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Militarizing the Environment

Climate Change and the Security State

2016
Author:

Robert P. Marzec

Militarizing the Environment

How ideas of coexisting with the planet are being replaced by a militarized vision of adaptation

In this extensive historical study of scientific, military, political, and economic formations across five centuries, Robert P. Marzec reveals how environmentality has been instrumental in the development of today’s security society—informing the creation of the military-industrial complex during World War II and the National Security Act that established the CIA during the Cold War.

Militarizing the Environment: Climate Change and the Security State offers an illuminating, perturbing account of the greening of military discourse and strategy amidst an era of advancing climate change. Robert P. Marzec brilliantly details the neoliberal assault—at once militaristic, economic and discursive—on the commons and its most vulnerable inhabitants. His book is essential reading for anyone committed to understanding the new imperialism and its cynical, sinister appropriation of critical environmental ideas like resilience, adaptation, and sustainability.

Rob Nixon, author of Slow Violence and the Environmentalism of the Poor

As the seriousness of climate change becomes more and more obvious, military institutions are responding by taking a prominent role in the governing of environmental concerns, engaging in “climate change war games,” and preparing for the effects of climate change—from conflicts due to loss of food, water, and energy to the mass migration of millions of people displaced by rising sea levels. This combat-oriented stance stems from a self-destructive pattern of thought that Robert P. Marzec names “environmentality,” an attitude that has been affecting human–environmental relations since the seventeenth century.

Militarizing the Environment traces the rise of this influential mindset in America and other nations that threatens to supplant ideas of sustainability with demands for adaptation. In this extensive historical study of scientific, military, political, and economic formations across five centuries, Marzec reveals how environmentality has been instrumental in the development of today’s security society—informing the creation of the military-industrial complex during World War II and the National Security Act that established the CIA during the Cold War.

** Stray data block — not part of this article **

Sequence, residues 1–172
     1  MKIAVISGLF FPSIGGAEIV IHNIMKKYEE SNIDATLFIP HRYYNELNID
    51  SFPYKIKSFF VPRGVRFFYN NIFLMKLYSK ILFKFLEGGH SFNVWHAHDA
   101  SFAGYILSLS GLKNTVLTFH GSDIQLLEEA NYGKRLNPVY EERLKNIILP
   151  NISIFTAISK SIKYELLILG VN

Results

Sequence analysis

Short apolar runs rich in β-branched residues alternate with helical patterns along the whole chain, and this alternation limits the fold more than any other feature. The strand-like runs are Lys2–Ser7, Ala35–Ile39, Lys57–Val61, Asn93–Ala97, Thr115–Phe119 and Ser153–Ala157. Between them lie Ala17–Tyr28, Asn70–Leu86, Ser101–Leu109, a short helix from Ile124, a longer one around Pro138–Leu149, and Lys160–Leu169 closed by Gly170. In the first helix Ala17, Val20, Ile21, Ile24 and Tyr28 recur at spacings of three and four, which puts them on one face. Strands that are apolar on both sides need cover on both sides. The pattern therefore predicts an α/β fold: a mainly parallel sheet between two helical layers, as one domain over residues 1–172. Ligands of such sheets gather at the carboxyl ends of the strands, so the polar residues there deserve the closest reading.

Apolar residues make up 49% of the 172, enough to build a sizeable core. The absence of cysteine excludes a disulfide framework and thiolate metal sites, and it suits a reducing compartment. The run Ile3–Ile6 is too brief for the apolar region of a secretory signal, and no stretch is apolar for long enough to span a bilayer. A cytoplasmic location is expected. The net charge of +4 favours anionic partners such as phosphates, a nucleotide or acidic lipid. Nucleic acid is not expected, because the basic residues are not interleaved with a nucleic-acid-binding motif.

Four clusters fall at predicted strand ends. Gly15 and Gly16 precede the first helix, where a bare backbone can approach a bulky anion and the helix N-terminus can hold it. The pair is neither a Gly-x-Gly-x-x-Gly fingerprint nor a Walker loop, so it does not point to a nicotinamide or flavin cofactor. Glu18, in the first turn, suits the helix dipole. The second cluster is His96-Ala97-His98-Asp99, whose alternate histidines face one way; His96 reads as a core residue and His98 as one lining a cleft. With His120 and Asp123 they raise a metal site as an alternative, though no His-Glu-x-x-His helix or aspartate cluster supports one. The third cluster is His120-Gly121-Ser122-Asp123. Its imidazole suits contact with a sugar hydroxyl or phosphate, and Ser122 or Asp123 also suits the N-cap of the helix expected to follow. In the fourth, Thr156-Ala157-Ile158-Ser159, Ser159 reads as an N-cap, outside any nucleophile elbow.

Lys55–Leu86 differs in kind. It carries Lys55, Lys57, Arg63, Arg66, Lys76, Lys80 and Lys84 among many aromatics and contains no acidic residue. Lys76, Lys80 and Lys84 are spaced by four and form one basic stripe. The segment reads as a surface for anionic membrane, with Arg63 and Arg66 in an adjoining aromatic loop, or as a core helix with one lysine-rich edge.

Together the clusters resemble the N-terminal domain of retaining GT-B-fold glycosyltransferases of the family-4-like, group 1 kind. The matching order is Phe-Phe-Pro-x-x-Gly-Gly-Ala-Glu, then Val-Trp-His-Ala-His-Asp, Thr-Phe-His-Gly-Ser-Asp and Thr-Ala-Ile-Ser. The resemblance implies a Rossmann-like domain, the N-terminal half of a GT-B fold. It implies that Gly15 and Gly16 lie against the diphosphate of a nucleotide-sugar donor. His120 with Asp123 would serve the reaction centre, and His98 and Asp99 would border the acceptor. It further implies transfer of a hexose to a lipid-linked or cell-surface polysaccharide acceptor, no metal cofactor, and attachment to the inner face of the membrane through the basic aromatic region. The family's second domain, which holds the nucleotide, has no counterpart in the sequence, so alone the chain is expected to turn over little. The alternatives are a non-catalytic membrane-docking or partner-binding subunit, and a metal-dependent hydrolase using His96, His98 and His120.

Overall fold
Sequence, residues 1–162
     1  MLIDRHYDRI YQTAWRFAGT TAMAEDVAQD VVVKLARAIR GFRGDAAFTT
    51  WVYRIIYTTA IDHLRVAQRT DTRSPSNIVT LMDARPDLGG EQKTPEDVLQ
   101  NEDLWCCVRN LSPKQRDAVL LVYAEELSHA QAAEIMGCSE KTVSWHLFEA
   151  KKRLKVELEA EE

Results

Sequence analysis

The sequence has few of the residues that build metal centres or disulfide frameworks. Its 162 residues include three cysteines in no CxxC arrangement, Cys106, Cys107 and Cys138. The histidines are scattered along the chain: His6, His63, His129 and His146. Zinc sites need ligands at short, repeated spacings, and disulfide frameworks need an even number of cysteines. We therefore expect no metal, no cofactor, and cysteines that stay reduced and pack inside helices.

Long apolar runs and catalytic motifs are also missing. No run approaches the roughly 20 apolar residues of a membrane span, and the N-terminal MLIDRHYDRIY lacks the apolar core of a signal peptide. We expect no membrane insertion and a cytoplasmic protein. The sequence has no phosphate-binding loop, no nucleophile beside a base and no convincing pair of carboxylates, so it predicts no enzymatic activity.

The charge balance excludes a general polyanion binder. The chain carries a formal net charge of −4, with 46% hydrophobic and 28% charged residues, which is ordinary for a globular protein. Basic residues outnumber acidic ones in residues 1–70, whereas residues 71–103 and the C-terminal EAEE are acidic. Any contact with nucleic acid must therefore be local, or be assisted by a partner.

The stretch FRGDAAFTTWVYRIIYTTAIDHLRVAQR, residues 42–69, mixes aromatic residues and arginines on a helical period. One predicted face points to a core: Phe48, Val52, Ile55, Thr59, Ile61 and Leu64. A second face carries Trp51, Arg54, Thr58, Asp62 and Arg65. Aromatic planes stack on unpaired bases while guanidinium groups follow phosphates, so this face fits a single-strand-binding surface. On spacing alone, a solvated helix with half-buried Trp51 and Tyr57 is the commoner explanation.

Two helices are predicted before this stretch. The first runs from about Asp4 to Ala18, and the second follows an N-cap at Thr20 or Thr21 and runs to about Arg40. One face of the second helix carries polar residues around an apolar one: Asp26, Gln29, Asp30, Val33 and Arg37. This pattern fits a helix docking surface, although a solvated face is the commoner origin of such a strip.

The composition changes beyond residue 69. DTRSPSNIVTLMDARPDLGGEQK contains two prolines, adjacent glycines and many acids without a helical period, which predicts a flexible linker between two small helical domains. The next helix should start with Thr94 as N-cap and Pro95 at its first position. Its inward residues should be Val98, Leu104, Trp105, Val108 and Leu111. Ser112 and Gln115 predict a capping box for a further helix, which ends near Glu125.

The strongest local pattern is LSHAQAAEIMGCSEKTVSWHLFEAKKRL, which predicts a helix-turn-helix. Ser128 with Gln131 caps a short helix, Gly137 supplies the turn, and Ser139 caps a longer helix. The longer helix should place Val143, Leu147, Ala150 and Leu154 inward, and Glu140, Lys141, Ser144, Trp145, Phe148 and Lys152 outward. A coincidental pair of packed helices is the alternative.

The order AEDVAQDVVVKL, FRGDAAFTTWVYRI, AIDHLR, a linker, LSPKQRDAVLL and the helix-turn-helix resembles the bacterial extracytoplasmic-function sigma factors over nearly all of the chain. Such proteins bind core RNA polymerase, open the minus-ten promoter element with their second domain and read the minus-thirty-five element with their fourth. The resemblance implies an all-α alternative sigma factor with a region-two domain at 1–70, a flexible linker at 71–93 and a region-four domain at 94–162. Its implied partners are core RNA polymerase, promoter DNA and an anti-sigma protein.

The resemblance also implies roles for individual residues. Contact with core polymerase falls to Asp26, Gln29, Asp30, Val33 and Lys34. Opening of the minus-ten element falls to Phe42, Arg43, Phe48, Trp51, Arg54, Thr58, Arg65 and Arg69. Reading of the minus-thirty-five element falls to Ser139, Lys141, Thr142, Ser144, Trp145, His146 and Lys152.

Now embedded in contemporary Western thought, environmentality has even infiltrated scientific thinking—transforming Darwinian insights into a quasi-theology that makes security the biological basis of existence. Marzec exposes the self-destructive nature of this increasingly accepted worldview and offers alternatives that counter the blind alleys of national and global security.

Militarizing the Environment

Robert P. Marzec is associate professor of ecocriticism and postcolonialism in the department of English at Purdue University and associate editor of MFS: Modern Fiction Studies. He is the author of An Ecological and Postcolonial Study of Literature and the editor of Postcolonial Literary Studies: The First 30 Years.

Militarizing the Environment

Militarizing the Environment: Climate Change and the Security State offers an illuminating, perturbing account of the greening of military discourse and strategy amidst an era of advancing climate change. Robert P. Marzec brilliantly details the neoliberal assault—at once militaristic, economic and discursive—on the commons and its most vulnerable inhabitants. His book is essential reading for anyone committed to understanding the new imperialism and its cynical, sinister appropriation of critical environmental ideas like resilience, adaptation, and sustainability.

Rob Nixon, author of Slow Violence and the Environmentalism of the Poor

Militarizing the Environment

Contents
Acknowledgments
Introduction: Climate Change War Games
1. The SAGEs of the Earth and the Accidental Nature of Environmentality
2. Inhabitancy, Custom Law, and the Landless: From Enclosures to Energy Security
3. Genealogies of Military Environmentality: The Human Species as a Geological Force in the Anthropocene
4. Military Genealogies of Environmentality: Environmental Exceptionalism
Conclusion: From Environmentality to an Ecology of Inhabitancy
Notes
Index